Although the crew was working up to 130 feet (39.6 m) off the ground and above traffic, there was still a concern for the surrounding areas.
The initial contract called for a north-bound first, south-bound second work strategy. But Teddleton soon noticed that would require a hard stop in the installation process during the summer months. Because a park sits at the northern edge of the bridge where many events take place in the warmer weather, he knew the initial schedule would put the crew at the section of the bridge closest to the park during the event season. “It seemed like every weekend in the summer was an event,” Teddleton said. That was something that would not be possible, so that would inevitably mean a delay — not ideal.
Teddleton suggested a different strategy and also set up containment by Eagle Industries and completed regular sound decibel readings. Then, on a case-by-case basis, Teddleton would walk with the client rep around the jobsite during work hours to get approval for continuing work during an event.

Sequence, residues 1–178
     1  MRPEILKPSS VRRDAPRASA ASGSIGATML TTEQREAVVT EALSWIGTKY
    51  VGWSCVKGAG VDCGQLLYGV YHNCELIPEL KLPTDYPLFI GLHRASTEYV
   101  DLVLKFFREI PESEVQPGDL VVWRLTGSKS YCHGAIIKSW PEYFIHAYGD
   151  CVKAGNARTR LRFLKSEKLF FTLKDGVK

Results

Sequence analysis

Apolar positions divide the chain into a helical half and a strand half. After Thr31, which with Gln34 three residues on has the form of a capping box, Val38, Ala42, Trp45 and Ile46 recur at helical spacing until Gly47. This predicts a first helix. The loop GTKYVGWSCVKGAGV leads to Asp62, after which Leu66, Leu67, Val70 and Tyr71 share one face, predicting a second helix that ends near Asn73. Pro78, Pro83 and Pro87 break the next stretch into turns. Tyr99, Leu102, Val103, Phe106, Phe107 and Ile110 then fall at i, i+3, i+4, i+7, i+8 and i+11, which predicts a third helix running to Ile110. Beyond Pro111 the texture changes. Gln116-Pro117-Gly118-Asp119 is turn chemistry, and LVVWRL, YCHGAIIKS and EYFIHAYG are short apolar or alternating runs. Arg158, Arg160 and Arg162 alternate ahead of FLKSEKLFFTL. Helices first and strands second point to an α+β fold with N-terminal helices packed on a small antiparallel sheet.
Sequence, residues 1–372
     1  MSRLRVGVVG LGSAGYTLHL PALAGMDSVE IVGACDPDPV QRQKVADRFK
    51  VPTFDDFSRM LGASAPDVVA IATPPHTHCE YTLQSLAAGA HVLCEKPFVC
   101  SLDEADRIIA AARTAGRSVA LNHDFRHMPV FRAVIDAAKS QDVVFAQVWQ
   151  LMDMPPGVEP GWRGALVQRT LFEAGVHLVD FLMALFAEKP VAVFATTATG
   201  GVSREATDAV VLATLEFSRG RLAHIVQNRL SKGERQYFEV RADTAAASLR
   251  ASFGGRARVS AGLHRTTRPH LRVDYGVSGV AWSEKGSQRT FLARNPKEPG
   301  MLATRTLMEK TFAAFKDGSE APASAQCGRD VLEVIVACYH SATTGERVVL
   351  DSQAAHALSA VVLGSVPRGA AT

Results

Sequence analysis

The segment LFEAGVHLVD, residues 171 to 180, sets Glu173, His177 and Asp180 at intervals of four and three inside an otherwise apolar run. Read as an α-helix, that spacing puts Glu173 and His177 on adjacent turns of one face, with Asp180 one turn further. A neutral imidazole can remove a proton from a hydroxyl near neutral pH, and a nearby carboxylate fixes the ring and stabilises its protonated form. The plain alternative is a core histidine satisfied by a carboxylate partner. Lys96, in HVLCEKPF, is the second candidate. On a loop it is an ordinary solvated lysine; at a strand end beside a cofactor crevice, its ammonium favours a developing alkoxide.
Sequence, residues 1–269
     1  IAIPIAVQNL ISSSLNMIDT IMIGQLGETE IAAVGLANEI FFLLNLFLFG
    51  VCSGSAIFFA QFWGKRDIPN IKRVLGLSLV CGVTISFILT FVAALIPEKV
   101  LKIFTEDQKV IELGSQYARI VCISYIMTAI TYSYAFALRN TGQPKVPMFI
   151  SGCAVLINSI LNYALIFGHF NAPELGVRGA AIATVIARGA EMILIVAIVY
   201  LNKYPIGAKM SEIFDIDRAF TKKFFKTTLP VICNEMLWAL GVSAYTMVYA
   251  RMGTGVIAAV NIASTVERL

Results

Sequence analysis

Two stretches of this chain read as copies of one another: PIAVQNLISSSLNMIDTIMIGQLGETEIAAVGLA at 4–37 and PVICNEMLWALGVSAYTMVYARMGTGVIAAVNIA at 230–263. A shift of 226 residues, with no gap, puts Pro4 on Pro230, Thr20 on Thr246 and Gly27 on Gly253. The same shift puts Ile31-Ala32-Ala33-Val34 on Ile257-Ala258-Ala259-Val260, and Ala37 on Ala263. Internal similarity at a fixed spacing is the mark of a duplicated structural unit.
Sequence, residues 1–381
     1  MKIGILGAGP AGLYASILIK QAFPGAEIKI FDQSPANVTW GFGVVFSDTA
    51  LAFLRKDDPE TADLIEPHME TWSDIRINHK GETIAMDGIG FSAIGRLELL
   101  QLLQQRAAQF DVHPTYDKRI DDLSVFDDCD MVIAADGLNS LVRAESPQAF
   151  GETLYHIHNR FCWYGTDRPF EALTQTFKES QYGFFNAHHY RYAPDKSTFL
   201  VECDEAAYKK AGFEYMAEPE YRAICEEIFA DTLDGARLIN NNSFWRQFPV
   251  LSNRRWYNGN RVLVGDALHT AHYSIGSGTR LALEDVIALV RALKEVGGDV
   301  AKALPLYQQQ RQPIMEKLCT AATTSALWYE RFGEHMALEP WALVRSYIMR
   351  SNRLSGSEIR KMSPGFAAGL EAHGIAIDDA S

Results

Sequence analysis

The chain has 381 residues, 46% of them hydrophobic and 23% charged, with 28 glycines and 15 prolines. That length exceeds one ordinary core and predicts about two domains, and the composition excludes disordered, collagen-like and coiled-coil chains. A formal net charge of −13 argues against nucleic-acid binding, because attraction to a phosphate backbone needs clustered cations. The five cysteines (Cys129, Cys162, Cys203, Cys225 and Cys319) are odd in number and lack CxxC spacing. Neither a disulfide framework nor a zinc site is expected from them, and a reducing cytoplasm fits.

The containment also helped keep any lead from entering the surrounding environment. Unless it’s heavy metal music, concertgoers don’t want lead at their concert! But it wasn’t possible to keep the other tradespeople out of the area.
“We couldn’t necessarily quarantine off a part of the structure,” Teddleton explained. “We did have regulated areas, but we had to allow access.” There were welders, for instance, on site who needed to move around, so TIC was sure to use signage and constant communication. “That’s challenging at a multiple site with lead abatement work,” he said. “The biggest part was communication really…We’d communicate with the other trades, let them know what areas were accessible that day, and what areas were not.”
The crew paid attention to safety throughout the entire project. They wore special climbing helmets by Petzl with visors and chin straps to help with fogging, especially during the colder months. And for blasting, they wore RPB Safety Nova 2000 air-supplied respirators, Pirate Brand blast suits, and rubber blasting gloves, also by RPB Safety.